Bain, Suffering and Cory Booker’s Emotional Distress
On NBC’s “Meet the Press,” Booker called President Barack Obama’s advertisement criticizing Mitt Romney’s tenure at the private-equity firm Bain Capital LLC “nauseating.” His comment has been portrayed as a disagreement with the president over Obama’s ad strategy. What Booker was actually doing, however, was shoring up his base: Bain Capital and all those similarly situated firms that have supported him in the past and will, presumably, do so in the future if he ardently defends them.
“Nauseating” is a word that demands to be heard. Booker could have said “wrong,” “unfair,” “ill-advised.” But he didn’t. And his voice is all the louder directed at the man he is supporting for president.
Aside from describing what Obama’s advertisement is doing to his stomach, Booker said, “We’re getting to a ridiculous point in America.” He added, “It’s either going to be a small campaign about this crap or it’s going to be a big campaign, in my opinion, about the issues that the American public cares about.”
All that said, Booker’s comments might have faded into Sunday talk show obscurity were they not such a clear example of how deeply our politics are controlled by money. Booker wasn’t committing a Kinsley gaffe, the term for when a politician accidentally tells the truth.
He was purposefully telling the truth. Nary a cent for his mayoral campaigns (or revitalizing his city) came from Newark or New Jersey. Most of it came from the mountain of private equity and investment banking just across the Hudson, from which hedge- fund managers and other banking types write big checks to Romney and howl over “class warfare.”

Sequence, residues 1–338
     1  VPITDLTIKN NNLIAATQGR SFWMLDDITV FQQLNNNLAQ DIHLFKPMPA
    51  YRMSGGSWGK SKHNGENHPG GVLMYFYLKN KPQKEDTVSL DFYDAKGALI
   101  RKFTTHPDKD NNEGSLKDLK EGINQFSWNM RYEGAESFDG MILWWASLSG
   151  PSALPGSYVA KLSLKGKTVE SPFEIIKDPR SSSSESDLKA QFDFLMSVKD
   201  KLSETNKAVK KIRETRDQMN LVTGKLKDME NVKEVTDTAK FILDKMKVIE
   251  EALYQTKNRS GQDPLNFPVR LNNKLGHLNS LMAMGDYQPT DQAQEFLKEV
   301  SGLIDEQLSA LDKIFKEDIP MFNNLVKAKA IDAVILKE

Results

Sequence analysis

For Obama, this is a lesson in how not to choose a surrogate: Stay away from people still in the game and hoping to run for higher office. No one goes straight from Newark City Hall to the Oval Office. On his trajectory upward, Booker might enjoy the help of Obama -- but he absolutely needs the deep pockets of Wall Street.
They immortalized their relationship in a video for a New Jersey Press Association Legislative Correspondents dinner. Playing off the Seinfeld-Newman rivalry, they spoof each other with the heroic man of action Booker outdoing the governor at every turn, telling Christie, “I got this” as he changes a flat tire, retrieves Bruce Springsteen’s missing guitar and catches a baby falling from a balcony at the State Capitol. Then at the end Christie grabs the phone from Booker when a call comes from Romney. Smiling, Christie says, “I got this.”
If Booker will diss Obama on “Meet the Press,” he certainly won’t shy from wiping that smile off Christie’s face -- a move that will be expensive. To do that, Booker will need Wall Street, and he has seen what can happen to you when you don’t bow to the 1 percent.
For nothing, really, Obama lost their love. He neglected to thank them for treating the economy like a casino, nearly destroying it. Later he mildly criticized them for awarding themselves outsized bonuses after being rescued by the U.S. taxpayer, once referring to them as “fat cats.” Compare this to FDR saying he welcomed the hatred of the banks or JFK facing down “a tiny handful of steel executives whose pursuit of private power and profit exceeds their sense of public responsibility.”
Closing the Casino